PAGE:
Skip to content
New issue

Have a question about this project? Sign up for a free GitHub account to open an issue and contact its maintainers and the community.

By clicking “Sign up for GitHub”, you agree to our terms of service and privacy statement. We’ll occasionally send you account related emails.

Already on GitHub? Sign in to your account

Formatting of Code in Book is Sometimes Inconsistent with rustfmt #1690

Open
JosephTLyons opened this issue Dec 15, 2018 · 14 comments

Comments

@JosephTLyons
Copy link
Contributor

@JosephTLyons JosephTLyons commented Dec 15, 2018

I've been reading the Rust book much more recently and have come to notice that some examples do not follow the way in which rustfmt formats code. For example, in the Method Syntax chapter of the book, an instance of the Rectangle struct is formatted as such:

let rect1 = Rectangle { width: 30, height: 50 };

but rustfmt would format it as such:

let rect1 = Rectangle {
        width: 30,
        height: 50,
};

I've found other discrepancies between the book's formatting and rustfmt. Rustfmt seems to be a tool that was made to help Rustaceans put their code in the exact format agreed upon by the creators, so I think it would be fit to format the code in the book with rustfmt. If there is any interest in this happening, but the task is considered large, I would be happy to help.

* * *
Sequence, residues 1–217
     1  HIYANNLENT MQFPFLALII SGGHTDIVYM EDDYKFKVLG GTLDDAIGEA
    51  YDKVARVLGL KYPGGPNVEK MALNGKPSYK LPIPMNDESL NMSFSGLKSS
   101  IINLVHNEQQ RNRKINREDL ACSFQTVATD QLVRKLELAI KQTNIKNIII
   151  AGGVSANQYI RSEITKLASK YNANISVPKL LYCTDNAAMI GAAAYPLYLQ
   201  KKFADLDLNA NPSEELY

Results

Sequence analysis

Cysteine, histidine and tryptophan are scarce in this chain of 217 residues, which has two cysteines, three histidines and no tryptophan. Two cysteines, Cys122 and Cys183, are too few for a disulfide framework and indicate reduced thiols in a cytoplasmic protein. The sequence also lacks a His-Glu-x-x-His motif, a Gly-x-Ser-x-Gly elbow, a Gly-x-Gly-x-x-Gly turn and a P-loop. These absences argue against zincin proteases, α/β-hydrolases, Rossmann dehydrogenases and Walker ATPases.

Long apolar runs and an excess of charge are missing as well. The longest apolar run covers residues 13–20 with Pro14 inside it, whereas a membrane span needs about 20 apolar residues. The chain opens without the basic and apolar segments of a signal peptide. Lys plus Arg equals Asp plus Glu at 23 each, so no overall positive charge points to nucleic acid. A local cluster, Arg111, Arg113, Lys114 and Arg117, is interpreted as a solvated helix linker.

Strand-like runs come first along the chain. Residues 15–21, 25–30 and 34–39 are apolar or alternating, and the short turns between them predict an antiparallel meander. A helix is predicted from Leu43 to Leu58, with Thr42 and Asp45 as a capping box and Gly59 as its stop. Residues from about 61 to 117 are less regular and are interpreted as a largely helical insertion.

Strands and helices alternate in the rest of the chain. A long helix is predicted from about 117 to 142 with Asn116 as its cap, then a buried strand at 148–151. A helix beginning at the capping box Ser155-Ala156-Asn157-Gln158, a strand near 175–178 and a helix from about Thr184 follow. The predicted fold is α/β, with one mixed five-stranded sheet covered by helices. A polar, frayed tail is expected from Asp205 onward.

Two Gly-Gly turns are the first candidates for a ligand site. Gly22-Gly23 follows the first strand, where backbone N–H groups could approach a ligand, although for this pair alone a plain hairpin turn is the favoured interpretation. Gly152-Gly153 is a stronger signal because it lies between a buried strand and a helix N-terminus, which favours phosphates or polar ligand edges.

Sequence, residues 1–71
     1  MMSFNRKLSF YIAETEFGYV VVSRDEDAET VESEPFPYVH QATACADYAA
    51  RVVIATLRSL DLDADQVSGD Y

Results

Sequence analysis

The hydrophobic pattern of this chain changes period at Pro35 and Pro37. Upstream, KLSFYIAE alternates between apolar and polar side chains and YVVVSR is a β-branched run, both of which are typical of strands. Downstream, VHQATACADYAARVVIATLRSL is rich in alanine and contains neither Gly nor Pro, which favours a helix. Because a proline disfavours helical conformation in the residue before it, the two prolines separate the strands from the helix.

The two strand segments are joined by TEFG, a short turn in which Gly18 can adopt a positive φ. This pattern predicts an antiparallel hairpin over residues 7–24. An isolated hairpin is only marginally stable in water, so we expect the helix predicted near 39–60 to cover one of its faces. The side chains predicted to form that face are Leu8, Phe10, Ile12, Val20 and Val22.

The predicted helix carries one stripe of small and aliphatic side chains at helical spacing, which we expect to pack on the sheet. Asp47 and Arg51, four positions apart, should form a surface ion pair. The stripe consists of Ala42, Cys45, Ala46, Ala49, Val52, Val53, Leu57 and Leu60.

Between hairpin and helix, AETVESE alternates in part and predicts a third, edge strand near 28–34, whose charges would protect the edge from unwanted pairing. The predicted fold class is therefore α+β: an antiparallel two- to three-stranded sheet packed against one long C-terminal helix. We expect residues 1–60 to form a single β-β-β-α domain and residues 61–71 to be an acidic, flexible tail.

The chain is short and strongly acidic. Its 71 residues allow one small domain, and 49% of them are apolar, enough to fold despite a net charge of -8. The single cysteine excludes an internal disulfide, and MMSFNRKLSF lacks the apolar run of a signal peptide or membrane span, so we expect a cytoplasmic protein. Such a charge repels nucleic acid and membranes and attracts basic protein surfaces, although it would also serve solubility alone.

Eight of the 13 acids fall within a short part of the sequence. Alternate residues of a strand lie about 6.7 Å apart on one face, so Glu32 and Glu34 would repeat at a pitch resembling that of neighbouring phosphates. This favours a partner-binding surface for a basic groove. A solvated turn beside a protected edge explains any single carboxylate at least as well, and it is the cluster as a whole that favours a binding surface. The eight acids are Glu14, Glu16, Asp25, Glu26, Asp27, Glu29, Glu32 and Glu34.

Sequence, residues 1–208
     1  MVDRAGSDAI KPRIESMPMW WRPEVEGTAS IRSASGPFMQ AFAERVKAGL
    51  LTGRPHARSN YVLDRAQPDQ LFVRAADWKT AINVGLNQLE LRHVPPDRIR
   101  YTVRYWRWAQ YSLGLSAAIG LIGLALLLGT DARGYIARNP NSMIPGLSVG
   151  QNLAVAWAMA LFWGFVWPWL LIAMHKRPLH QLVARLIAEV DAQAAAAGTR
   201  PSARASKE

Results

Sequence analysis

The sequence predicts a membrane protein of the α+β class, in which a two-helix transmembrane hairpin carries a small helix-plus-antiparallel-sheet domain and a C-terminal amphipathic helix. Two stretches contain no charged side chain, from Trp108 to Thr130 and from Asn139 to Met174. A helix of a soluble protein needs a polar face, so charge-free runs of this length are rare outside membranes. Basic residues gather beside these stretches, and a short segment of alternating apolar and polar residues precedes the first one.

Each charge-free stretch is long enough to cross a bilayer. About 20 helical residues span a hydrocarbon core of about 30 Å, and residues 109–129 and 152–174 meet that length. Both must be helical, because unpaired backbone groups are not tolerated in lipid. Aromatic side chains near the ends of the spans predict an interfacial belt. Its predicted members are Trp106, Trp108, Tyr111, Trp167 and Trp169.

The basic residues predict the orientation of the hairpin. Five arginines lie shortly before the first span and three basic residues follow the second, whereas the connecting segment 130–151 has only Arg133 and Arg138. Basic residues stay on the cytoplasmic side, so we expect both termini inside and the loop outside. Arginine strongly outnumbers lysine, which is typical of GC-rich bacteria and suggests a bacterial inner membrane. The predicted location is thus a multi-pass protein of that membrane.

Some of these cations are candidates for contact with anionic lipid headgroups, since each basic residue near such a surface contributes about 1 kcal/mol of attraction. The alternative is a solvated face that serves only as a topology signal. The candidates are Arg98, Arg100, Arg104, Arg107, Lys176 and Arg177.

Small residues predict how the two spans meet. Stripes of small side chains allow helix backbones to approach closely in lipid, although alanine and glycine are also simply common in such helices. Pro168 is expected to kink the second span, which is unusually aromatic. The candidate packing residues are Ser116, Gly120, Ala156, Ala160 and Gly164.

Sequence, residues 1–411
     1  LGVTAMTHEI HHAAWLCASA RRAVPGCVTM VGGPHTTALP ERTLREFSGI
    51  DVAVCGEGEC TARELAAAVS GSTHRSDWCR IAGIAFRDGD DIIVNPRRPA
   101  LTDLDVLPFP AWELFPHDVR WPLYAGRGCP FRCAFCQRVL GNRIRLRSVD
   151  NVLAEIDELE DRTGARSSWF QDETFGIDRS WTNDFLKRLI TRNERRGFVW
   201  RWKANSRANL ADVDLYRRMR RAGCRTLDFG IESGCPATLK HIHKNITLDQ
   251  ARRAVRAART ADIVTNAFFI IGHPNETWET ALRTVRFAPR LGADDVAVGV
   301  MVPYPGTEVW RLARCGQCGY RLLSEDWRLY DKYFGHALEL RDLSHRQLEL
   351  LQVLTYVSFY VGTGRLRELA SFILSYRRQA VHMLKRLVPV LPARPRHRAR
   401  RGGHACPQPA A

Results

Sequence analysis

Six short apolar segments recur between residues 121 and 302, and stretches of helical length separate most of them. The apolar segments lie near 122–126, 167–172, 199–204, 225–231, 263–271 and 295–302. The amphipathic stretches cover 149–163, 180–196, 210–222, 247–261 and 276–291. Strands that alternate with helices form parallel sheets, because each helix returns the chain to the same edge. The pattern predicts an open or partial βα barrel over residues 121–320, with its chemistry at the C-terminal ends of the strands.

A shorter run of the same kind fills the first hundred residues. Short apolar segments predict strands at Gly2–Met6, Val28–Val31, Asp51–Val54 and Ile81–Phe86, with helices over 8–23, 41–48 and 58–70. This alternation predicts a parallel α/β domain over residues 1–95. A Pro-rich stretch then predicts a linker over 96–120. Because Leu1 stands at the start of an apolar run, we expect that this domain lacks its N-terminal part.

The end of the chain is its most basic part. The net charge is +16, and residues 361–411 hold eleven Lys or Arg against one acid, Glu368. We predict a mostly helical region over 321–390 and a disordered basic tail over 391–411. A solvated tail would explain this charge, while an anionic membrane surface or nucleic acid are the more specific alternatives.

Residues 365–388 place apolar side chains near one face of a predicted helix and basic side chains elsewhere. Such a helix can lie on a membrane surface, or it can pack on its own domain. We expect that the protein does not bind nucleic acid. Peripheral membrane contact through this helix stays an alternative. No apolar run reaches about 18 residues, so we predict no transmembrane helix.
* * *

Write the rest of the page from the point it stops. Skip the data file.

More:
@steveklabnik

This comment has been minimized.

Copy link
Member

@steveklabnik steveklabnik commented Dec 15, 2018

The intention is to follow rustfmt's defaults, for sure. I'd love to accept some PRs to fix this!

Ideally, we'd have some way to be able to format them all automatically...

@JosephTLyons JosephTLyons changed the title Formatting of Code in Book is inconsistent with rustfmt Formatting of Code in Book is Inconsistent with rustfmt Dec 15, 2018
@JosephTLyons

This comment has been minimized.

Copy link
Contributor Author

@JosephTLyons JosephTLyons commented Dec 15, 2018

I will get on formatting some chapters with rustfmt and submitting them. It would be great to have a tool to do it, although not sure how to do it with the code being mixed in markdown files.

@JosephTLyons JosephTLyons changed the title Formatting of Code in Book is Inconsistent with rustfmt Formatting of Code in Book is, at Times, Inconsistent with rustfmt Dec 15, 2018
@JosephTLyons JosephTLyons changed the title Formatting of Code in Book is, at Times, Inconsistent with rustfmt Formatting of Code in Book is Sometimes Inconsistent with rustfmt Dec 15, 2018
@JosephTLyons

This comment has been minimized.

Copy link
Contributor Author

@JosephTLyons JosephTLyons commented Dec 15, 2018